HMV Ireland goes into receivership

Receivers have been appointed to HMV (Ireland) Ltd, putting the jobs of the chain’s 300 employees at risk.

Receivers have been appointed to HMV (Ireland) Ltd, putting the jobs of the chain’s 300 employees at risk.

The announcement came after the retailer initially said it was temporarily closing its 16 outlets in Ireland.

A statement this afternoon said Deloitte Ireland partner David Carson has been appointed receiver following a request from the directors of the company to the banks.

HMV’s Irish shops will now remain closed until Mr Carson completes an assessment of the viability of the company and its cost structure, “including property occupational costs.”

The statement said all efforts will be made by the receiver to secure a purchaser for the shops.

The company, which employs some 4,000 people in Ireland and Britain, announced yesterday that it was entering into administration in the UK after being refused a request by suppliers for a £300 million lifeline.

HMV shops in Ireland continued to trade yesterday but customers with vouchers and gift cards were turned away.

It emerged this morning that vouchers purchased at the music and games retailer should have been honoured as the Irish branch of the UK multiple was not in receivership at the time.

In a statement this morning, the National Consumer Agency (NCA) said it has established that HMV in the Republic of Ireland is a separate corporate entity to the UK operation and was not under administration or examinership when it opened its doors yesterday.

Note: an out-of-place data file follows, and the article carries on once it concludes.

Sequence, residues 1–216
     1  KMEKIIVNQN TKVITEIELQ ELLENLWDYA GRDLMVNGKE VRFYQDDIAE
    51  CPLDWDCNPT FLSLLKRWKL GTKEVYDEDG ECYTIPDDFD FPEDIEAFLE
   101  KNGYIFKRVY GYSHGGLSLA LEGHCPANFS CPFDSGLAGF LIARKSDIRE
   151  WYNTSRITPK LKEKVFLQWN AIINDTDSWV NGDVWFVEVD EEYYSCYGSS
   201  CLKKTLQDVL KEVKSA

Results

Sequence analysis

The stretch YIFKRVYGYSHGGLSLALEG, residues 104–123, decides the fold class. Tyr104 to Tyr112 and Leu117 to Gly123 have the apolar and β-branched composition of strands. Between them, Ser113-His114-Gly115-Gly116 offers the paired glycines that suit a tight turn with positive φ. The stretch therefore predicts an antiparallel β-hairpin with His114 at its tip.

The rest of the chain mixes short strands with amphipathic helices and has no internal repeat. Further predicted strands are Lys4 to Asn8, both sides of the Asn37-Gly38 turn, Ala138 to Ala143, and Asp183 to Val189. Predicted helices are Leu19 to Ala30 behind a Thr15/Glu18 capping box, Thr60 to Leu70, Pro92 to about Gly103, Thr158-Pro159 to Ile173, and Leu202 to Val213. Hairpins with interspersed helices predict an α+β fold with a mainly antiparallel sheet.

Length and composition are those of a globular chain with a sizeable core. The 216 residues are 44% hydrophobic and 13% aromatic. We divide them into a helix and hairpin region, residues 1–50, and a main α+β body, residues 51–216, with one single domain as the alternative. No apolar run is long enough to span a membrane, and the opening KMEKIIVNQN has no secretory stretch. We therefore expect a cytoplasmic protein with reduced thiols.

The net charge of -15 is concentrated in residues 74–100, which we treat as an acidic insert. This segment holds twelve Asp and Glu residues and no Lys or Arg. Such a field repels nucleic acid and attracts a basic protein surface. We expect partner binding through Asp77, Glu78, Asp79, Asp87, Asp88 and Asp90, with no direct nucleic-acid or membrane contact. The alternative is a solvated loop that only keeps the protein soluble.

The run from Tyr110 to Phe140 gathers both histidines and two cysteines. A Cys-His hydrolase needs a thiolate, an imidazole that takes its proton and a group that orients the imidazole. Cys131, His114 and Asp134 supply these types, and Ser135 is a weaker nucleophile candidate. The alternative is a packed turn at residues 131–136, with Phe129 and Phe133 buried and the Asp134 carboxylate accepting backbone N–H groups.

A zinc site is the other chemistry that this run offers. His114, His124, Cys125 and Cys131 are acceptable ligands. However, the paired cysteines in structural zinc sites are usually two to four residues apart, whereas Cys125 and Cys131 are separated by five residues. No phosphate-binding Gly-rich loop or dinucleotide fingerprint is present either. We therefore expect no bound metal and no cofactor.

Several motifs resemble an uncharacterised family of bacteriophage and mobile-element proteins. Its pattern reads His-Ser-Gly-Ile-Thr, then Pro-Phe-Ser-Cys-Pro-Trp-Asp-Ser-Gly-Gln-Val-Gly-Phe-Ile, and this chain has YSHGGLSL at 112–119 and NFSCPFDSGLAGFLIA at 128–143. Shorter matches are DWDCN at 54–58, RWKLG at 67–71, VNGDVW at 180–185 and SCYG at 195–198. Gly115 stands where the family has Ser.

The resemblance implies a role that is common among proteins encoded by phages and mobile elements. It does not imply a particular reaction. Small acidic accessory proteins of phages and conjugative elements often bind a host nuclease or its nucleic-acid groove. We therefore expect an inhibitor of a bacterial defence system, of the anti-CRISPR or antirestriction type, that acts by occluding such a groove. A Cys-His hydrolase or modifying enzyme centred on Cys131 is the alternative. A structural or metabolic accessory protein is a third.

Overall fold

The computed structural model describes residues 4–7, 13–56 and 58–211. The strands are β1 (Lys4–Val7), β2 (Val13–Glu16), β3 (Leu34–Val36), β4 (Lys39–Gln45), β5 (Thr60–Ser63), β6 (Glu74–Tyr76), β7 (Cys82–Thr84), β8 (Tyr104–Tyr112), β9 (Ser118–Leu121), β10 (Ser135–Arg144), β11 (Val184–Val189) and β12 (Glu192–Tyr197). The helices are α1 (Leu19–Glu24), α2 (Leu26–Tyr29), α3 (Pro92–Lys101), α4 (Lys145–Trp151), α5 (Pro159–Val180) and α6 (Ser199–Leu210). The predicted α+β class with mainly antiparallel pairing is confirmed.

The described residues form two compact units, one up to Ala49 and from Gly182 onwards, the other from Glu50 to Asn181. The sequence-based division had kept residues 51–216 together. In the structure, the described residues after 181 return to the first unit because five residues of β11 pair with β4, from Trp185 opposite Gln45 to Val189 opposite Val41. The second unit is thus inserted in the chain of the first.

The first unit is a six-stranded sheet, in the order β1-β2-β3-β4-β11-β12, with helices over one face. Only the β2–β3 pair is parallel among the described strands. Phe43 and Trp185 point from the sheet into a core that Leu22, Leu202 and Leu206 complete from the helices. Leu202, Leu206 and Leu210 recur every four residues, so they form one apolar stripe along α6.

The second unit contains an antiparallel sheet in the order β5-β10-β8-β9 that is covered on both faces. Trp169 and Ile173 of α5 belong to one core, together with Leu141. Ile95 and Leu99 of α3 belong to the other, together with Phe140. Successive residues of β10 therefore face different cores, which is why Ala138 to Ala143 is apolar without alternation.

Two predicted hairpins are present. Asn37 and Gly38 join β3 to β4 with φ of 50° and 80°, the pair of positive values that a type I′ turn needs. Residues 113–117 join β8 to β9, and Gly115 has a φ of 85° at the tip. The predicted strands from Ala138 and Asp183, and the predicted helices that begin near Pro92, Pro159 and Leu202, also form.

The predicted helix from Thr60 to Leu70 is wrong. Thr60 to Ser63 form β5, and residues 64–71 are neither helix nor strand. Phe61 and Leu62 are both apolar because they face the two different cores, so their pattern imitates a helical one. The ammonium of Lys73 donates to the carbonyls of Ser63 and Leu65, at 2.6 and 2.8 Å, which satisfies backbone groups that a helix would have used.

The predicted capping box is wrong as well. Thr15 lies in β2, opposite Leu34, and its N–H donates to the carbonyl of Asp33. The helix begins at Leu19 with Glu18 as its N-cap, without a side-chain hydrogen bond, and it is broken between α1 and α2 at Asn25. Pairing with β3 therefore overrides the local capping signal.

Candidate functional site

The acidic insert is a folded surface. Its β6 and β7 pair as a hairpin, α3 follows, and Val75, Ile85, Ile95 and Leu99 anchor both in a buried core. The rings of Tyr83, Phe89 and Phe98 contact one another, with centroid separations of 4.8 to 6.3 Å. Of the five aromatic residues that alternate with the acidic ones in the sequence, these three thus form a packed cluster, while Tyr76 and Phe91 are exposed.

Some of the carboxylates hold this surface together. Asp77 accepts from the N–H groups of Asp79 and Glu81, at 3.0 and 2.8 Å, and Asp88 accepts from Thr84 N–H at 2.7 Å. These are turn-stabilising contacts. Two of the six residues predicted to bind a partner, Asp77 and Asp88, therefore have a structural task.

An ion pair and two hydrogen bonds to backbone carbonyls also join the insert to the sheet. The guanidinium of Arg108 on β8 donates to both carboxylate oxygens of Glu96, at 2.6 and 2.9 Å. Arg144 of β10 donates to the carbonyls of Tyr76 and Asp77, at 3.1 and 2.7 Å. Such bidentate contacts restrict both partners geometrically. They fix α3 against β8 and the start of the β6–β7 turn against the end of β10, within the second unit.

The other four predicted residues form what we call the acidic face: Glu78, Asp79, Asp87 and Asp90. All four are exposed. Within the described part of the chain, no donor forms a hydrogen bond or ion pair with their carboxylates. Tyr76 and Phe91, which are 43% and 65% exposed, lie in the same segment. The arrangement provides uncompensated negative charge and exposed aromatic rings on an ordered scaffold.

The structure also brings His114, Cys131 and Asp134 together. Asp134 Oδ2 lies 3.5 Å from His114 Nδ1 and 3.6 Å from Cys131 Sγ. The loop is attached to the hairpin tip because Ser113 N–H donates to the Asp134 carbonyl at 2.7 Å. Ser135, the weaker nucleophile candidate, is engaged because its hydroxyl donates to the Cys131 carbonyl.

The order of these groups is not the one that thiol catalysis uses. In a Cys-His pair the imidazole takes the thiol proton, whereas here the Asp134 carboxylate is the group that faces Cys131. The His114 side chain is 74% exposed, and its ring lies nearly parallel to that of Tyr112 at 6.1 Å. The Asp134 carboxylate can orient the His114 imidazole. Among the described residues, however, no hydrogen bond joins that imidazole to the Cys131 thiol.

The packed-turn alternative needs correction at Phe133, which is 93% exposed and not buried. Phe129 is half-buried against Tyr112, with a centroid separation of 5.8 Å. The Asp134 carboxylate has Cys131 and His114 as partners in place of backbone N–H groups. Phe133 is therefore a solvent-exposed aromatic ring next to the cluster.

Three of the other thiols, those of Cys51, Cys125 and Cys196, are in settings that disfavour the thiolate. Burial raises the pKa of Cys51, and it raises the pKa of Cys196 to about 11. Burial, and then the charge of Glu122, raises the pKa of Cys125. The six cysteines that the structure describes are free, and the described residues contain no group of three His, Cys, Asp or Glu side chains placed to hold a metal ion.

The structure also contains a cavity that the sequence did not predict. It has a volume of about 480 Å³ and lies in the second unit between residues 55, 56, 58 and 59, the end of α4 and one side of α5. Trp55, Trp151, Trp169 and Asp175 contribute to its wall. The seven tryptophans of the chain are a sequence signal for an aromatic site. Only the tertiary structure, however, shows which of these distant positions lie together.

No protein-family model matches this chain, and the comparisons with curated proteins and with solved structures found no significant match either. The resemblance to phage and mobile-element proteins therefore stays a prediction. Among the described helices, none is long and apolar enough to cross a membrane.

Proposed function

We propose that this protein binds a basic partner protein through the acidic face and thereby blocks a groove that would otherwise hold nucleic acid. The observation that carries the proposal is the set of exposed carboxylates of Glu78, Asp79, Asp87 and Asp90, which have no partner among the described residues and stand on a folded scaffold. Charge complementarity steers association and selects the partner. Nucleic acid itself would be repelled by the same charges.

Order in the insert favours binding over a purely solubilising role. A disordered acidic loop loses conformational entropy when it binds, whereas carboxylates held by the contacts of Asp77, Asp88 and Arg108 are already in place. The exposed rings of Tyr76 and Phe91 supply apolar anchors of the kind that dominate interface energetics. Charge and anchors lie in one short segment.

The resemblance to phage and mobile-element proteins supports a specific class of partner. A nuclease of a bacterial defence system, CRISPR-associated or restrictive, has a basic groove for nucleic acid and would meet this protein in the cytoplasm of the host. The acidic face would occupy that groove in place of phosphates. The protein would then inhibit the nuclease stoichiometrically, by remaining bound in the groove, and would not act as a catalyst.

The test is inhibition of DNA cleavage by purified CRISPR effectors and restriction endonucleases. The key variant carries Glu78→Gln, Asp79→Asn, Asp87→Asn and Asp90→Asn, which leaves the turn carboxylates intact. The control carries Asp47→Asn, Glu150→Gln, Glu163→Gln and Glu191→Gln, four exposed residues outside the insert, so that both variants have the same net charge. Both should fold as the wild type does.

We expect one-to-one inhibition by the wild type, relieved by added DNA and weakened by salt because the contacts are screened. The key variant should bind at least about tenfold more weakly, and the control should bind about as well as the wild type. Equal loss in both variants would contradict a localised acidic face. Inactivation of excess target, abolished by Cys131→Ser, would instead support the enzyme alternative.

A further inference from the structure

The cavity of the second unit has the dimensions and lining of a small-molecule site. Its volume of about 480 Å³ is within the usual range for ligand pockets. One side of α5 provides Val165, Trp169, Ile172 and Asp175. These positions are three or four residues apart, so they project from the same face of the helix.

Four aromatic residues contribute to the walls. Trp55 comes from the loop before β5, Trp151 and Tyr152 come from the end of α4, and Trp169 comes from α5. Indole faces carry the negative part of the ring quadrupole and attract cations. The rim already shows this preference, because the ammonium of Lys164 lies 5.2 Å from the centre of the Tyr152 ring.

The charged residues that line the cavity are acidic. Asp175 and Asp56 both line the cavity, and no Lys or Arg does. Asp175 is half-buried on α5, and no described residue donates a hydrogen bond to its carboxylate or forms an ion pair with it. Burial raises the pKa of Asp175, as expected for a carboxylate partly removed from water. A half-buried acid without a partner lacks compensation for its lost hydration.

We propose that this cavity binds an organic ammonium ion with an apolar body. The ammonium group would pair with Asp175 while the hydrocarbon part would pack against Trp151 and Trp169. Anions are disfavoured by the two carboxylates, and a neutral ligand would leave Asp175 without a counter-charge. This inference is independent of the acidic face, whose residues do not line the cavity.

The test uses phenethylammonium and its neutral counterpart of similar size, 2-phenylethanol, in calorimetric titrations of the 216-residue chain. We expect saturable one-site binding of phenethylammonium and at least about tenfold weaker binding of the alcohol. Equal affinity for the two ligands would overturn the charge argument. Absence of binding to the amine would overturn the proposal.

After years of struggling as its business of selling CDs and DVDs was hammered by competition from supermarkets like Tesco, online retailers like Amazon and download sites like Apple's iTunes, Deloitte was appointed administrator on Tuesday to try to salvage the company.

Separately, a statement issued today by the producer of a charity song recorded to raise funds for Lily Mae Morrison who is a seriously ill girl in Galway, said he has been contacted by the company’s receiver.

Stephen Macken produced Elton John song Tiny Dancer for the Sunni-Mae Trust which is reportedly owed a substantial sum for sales of the record over Christmas.

Mr Macken said Mr Carson told him he was “acutely aware” of the sensitivity of the situation and would deal with it “as a priority”.

“I am grateful to Mr. Carson for taking the time today, in what must be an incredibly busy and stressful position, to call me and to give me this news.

I look forward to hearing from Mr. Carson in due course,” he said.